Garden Plugs - Henderson County Extension

Jun 3, 2011 - such as apples and peaches, and vegetables can also serve as host plants ... what's going on in Henderson County by following me, my Twitter.
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Garden Plugs A newsletter for Henderson County Henderson County Center

May-June 2011 NOW IS THE TIME

Contact Us Henderson County 740 Glover St. Hendersonville, NC 28792 (828) 697-4891 Phone (828) 697-4581 Fax henderson.ces.ncsu.edu Editor: Diane Turner Email: [email protected] masteryourgrden.blogspot.com Twitter ID: NCCE_DAT Distributed in furtherance of the acts of Congress of May 8 and June 30, 1914. North Carolina State University and North Carolina A&T State University commit themselves to positive action to secure equal opportunity regardless of race, color, creed, national origin, religion, sex, age, veteran status or disability. In addition, the two Universities welcome all persons without regard to sexual orientation. North Carolina State University, North Carolina A&T State University, U.S. Department of Agriculture, and local governments cooperating.

Lawns  Do not fertilize tall fescue and bluegrass lawns again until September. Excess nitrogen can lead to brown patch disease in lawns.  Mow tall fescue lawns to 2 ½ to 3 inch height. Research has shown that mowing to the proper height will help control weeds.  Keep an eye out for small plants of crabgrass and other summer weeds so you can pull them while they are small. Ornamentals  Begin to remove foliage from spring blooming bulbs as the leaves turn completely yellow and brown.  Plant annuals now in the landscape, be sure to keep them well watered and deadheaded to encourage continual blooming throughout the summer. Miscellaneous  Do not plant warm season vegetable crops such as peppers and tomatoes until after Mothers Day. Soil temperature should be warmed up to at least 65 degrees before planting.  Keep garden vegetables watered with at least 1 inch of water per week, especially tomatoes.  Hummingbirds are here and hungry. Make a sugar solution for the feeder by dissolving 1/4 cup of sugar in 1 cup boiling water.

UPCOMING EVENTS 05/12/11 2:00pm-3:00pm Grow a Great WNC Lawn 05/13/11 10:00am-11:00am Spring Garden Walk 05/17/11 3:00pm-4:30pm Container Gardens 06/03/11 10:00am-12:00pm Hypertufa Leaf Casting 06/14/11 06/16/11 9:00am-11:00am Intro Botanical Drawing

Etowah Branch Library-891-6577 Bullington Center-698-6104 Bullington Center-698-6104** Bullington Center-698-6104** Bullington Center-698-6104**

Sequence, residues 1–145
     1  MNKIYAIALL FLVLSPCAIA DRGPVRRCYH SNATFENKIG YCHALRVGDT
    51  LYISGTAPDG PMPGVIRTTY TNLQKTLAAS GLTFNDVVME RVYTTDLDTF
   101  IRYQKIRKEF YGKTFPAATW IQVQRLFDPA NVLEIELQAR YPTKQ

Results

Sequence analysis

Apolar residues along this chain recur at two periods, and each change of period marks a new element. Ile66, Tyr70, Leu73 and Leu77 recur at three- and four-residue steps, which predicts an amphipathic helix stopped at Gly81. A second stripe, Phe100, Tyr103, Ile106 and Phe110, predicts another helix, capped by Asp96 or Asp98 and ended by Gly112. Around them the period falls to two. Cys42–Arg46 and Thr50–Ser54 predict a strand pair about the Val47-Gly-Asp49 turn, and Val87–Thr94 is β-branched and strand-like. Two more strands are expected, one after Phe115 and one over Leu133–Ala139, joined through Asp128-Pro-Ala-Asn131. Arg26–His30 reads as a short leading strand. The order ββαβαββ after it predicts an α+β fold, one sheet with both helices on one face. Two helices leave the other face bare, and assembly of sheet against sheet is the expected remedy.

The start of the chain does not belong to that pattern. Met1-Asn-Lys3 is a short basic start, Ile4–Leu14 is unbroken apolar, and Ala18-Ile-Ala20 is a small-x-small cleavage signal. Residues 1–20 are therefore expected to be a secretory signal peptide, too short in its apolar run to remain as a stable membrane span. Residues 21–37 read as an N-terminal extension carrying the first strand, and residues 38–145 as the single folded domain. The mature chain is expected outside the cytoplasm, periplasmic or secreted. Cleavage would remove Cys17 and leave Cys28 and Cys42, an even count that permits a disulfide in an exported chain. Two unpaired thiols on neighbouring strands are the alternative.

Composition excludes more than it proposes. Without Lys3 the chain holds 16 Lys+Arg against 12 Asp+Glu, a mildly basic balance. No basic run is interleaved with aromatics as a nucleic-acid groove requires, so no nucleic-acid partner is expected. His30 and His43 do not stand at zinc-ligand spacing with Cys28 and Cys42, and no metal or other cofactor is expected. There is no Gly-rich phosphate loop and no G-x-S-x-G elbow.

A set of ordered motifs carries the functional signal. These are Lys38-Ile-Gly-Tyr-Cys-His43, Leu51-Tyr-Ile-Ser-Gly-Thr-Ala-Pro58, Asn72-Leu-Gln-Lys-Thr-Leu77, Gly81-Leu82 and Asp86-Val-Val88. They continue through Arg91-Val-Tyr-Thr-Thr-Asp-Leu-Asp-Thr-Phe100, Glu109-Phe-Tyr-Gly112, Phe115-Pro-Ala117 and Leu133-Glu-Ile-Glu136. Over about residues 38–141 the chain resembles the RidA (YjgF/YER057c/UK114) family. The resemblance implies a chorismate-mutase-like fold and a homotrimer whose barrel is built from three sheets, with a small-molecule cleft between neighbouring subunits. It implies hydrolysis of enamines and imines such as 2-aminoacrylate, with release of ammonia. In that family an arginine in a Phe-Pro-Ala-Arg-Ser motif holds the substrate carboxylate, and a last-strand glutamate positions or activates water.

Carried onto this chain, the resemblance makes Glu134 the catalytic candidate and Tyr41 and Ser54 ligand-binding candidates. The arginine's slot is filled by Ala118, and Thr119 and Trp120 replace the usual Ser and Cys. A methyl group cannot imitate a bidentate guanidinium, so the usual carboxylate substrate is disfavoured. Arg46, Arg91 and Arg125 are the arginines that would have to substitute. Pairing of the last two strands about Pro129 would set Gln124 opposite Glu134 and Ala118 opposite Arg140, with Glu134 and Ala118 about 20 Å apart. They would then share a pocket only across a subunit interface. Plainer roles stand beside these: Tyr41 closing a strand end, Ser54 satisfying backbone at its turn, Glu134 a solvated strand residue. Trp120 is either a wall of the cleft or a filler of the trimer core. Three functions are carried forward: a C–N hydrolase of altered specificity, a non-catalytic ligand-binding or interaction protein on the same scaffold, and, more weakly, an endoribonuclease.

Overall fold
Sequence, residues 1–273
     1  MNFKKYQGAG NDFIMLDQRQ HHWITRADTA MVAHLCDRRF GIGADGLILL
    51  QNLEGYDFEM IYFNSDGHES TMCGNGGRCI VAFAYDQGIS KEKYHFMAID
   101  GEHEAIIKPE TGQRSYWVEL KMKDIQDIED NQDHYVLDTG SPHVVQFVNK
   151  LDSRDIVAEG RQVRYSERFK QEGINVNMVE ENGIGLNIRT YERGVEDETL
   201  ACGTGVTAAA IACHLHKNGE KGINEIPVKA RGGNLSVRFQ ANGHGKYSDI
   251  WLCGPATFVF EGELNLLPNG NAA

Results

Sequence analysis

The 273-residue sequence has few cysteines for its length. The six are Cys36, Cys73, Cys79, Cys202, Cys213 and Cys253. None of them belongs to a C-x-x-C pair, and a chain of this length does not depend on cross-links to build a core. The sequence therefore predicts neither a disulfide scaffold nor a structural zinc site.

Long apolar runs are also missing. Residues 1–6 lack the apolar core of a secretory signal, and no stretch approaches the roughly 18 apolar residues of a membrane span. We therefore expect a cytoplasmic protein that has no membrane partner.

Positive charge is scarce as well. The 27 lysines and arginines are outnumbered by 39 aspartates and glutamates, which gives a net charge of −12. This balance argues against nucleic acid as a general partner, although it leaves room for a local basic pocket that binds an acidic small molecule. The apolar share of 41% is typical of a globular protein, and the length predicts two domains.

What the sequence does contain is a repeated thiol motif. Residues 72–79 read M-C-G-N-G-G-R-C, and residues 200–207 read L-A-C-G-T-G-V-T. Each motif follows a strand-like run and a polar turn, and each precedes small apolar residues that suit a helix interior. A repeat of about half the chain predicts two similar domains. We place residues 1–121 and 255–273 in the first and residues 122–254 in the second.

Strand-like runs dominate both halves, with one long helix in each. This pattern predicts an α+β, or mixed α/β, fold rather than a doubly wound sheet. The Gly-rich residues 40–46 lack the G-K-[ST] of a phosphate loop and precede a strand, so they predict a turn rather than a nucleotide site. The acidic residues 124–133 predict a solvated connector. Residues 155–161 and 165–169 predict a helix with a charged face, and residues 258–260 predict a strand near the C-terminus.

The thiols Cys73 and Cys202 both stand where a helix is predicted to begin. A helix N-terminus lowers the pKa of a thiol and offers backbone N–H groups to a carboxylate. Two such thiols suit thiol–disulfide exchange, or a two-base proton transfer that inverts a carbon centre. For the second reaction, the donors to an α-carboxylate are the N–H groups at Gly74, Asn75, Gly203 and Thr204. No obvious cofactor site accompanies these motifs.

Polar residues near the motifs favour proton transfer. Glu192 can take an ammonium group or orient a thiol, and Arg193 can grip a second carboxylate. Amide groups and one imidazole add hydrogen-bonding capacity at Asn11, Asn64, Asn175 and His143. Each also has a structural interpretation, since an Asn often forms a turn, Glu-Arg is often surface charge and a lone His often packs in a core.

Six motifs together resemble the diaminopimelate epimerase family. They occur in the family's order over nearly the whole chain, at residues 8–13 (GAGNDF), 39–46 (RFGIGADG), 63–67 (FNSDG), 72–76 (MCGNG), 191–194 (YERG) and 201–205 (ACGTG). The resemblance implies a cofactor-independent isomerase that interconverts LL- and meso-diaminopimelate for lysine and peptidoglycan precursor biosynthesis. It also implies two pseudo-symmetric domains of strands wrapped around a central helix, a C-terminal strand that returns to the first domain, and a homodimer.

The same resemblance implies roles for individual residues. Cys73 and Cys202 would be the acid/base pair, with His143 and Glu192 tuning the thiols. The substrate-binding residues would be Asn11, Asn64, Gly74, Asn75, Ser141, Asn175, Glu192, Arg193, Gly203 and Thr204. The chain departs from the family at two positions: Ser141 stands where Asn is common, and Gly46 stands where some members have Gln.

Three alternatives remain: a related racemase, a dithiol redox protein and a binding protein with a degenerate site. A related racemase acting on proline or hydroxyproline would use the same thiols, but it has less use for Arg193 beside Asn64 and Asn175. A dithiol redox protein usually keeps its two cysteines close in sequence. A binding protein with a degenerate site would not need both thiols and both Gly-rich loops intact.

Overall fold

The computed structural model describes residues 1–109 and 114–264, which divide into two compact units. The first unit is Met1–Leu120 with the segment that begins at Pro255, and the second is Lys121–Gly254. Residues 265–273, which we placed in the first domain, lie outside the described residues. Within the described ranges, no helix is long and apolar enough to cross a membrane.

Person with disabilities and persons with limited English proficiency may request accommodations to participate in activities mentioned in this newsletter, please contact Diane Turner at 828-697-4891 during business hours at least 5 days prior to the event to discuss accommodations. **fee required

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BROWN MAMORATED STINK BUG Since last autumn, the brown marmorated stink bug (Halyomorpha halys) has been invading homes and other buildings throughout the state. The stink bug feeds on a variety of hosts in the landscape, including—but not limited to—Buddleia sp., hibiscus, zinnia, and sunflower. Both fruit trees, such as apples and peaches, and vegetables can also serve as host plants. Stink bugs inflict leaf and fruit damage primarily from feeding with needlelike mouth parts. The North Carolina Agricultural Chemicals Manual suggests either malathion or permethrin as a control agent for ornamentals and vegetables. The biggest problem for homeowners is the bugs’ overwintering behavior of collecting inside structures and homes when seeking shelter, much like the multicolored Asian lady beetle. They do not harm people, but they can emit an unpleasant odor when crushed or vacuumed. Appearance in homes usually begins about late September or early October. For homes, sealing and caulking all entry spaces usually keeps stink bugs at bay. If they are found inside, hand removal and vacuuming are the best options. A piece of ladies’ hosiery over the vacuum’s nozzle allows for easy disposal of the insects and keeps the odor from lingering in the vacuum canister.

BULLINGTON CENTER PLANT SALE A visit to the Bullington Center is a delight to anyone who